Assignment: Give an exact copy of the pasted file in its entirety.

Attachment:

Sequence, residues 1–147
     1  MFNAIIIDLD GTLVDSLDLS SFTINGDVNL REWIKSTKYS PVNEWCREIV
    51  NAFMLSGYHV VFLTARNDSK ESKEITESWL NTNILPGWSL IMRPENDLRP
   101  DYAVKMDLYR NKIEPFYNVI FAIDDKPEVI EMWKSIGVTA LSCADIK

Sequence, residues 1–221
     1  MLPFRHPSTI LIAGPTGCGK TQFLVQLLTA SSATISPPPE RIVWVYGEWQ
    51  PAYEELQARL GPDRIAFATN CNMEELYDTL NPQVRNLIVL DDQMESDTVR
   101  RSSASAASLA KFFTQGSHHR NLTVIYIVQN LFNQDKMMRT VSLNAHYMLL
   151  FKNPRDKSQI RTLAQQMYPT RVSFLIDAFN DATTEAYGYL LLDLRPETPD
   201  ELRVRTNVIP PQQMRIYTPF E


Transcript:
Sequence, residues 1–147
     1  MFNAIIIDLD GTLVDSLDLS SFTINGDVNL REWIKSTKYS PVNEWCREIV
    51  NAFMLSGYHV VFLTARNDSK ESKEITESWL NTNILPGWSL IMRPENDLRP
   101  DYAVKMDLYR NKIEPFYNVI FAIDDKPEVI EMWKSIGVTA LSCADIK

Sequence, residues 1–221
     1  MLPFRHPSTI LIAGPTGCGK TQFLVQLLTA SSATISPPPE RIVWVYGEWQ
    51  PAYEELQARL GPDRIAFATN CNMEELYDTL NPQVRNLIVL DDQMESDTVR
   101  RSSASAASLA KFFTQGSHHR NLTVIYIVQN LFNQDKMMRT VSLNAHYMLL
   151  FKNPRDKSQI RTLAQQMYPT RVSFLIDAFN DATTEAYGYL LLDLRPETPD
   201  ELRVRTNVIP PQQMRIYTPF E